This was the image of the biggest sports story, not just in 2018 but perhaps the last decade. It transcended sport and became the biggest thing at that moment in politics and pop culture.

Almost nine months later, the story rolls on with Bancroft nearing the end of his ban and Smith re-entering public life with an ad, a press conference and a training session with the BBL side he used to captain, the Sydney Sixers.

Between now and then it has taken many scalps, from the captain to the coach to the high performance manager, to the CEO and the chairman.

Justin Langer and Tim Paine’s new Australian side bears the scars and they play cricket differently as a result.

At the time the story broke on March 24, legendary former Test skipper Mark Taylor was on Cricket Australia’s board. He knew then it was huge, even if the snowball effects and the earth-shattering fallout were impossible to predict.

“I knew at the time the guys had made a terrible mistake, and that’s where I still stand today,” Taylor told Wide World of Sports as he looked back on the saga.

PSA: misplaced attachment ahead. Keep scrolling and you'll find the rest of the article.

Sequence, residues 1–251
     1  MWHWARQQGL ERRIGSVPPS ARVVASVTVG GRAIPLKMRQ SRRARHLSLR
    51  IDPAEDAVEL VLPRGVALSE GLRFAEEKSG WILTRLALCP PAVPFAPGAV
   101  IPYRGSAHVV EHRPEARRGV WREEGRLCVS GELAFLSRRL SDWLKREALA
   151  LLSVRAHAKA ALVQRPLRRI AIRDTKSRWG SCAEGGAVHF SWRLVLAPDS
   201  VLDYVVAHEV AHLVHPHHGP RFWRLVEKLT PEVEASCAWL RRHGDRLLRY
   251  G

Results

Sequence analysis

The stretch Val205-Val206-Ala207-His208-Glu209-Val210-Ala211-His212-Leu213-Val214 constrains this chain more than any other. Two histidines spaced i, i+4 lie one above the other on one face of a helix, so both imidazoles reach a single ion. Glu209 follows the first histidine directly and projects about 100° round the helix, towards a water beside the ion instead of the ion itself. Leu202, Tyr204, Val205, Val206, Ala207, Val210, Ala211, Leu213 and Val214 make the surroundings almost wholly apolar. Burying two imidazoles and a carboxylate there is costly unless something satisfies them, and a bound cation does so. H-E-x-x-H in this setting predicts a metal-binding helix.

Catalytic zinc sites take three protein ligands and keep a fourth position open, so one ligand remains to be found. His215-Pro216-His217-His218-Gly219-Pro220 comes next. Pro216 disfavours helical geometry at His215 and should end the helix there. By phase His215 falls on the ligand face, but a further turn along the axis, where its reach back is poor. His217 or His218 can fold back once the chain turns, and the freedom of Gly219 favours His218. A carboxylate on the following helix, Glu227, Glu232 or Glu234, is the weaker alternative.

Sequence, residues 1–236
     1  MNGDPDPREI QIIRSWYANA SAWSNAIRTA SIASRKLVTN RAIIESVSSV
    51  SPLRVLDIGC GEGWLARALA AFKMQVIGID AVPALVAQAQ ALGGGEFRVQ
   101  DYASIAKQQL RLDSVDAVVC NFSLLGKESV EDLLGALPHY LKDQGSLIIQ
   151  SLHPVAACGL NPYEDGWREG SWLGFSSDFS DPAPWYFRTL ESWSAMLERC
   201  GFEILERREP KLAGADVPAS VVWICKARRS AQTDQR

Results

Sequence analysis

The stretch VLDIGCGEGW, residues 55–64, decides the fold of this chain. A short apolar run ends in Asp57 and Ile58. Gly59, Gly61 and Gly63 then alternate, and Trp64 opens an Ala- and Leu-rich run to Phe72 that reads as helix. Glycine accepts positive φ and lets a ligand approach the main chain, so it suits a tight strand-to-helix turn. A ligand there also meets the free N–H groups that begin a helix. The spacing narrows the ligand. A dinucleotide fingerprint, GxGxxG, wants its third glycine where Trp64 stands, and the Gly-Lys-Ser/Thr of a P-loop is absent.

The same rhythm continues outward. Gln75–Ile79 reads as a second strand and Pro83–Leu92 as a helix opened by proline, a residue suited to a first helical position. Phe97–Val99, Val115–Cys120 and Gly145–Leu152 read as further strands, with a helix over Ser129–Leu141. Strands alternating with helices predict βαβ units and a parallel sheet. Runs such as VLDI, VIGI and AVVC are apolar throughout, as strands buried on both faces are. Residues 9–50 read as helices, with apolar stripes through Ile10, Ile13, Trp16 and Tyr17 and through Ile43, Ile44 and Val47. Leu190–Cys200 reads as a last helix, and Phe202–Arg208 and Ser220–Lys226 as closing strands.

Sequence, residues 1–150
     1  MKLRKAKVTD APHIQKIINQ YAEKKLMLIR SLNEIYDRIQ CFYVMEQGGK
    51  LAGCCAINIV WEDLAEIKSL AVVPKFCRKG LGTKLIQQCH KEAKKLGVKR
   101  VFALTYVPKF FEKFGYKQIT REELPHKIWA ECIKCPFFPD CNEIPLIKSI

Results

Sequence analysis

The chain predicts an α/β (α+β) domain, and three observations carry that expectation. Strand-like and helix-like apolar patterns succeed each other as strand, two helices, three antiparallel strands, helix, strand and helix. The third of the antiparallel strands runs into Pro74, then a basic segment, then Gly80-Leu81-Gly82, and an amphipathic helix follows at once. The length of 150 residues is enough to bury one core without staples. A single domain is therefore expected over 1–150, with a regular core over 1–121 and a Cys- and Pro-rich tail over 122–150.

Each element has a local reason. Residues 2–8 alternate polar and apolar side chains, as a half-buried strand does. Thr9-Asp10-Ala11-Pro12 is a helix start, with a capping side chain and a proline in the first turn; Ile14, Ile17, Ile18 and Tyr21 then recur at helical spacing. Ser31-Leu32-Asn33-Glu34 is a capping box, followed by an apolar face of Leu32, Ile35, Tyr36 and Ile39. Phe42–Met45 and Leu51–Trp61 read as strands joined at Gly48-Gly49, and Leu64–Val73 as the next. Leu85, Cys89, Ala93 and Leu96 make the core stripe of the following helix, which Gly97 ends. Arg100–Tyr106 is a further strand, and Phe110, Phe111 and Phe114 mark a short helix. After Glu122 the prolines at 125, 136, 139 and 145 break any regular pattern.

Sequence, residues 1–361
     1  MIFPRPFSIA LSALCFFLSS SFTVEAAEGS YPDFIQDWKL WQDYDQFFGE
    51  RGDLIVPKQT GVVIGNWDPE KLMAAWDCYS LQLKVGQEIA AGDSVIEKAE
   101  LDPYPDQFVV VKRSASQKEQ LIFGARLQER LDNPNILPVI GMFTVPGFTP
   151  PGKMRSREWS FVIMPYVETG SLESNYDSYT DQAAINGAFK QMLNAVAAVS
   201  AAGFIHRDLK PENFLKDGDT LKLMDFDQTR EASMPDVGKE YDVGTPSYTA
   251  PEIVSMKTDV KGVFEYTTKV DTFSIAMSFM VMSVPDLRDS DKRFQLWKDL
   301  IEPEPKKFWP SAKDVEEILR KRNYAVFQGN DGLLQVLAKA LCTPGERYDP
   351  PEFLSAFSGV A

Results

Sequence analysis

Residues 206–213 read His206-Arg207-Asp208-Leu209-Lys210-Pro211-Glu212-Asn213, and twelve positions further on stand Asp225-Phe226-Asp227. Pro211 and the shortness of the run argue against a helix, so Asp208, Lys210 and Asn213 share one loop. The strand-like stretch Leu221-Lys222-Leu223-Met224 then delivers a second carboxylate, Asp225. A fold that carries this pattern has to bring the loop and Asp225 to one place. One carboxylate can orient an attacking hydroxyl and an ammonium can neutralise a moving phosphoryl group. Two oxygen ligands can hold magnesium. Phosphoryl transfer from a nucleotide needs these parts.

“With hindsight the one year sanctions (for Warner and Smith) were right, they’re certainly harsh, but fair, and the good news for the game is that hopefully all of this will draw a line in the sand.

“It needed it, someone had to be a leader in this regard, and sometimes you’ve got to set the tone in a tough situation, and that’s what happened here, because ball-tampering has now turned to culture and overall player behaviour.

“In a way it’s a good thing, because hopefully a line has been drawn, and not just for Australia.

“Hopefully cricket around the world will be better for what happened in South Africa.”

No doubt cricket has changed forever because of the events of that day.

The ball-tampering story is unrivalled as the biggest in Australian sport for 2018, but looking back at the year that was, there were many others that rate a mention as well.

Serena’s almighty tantrum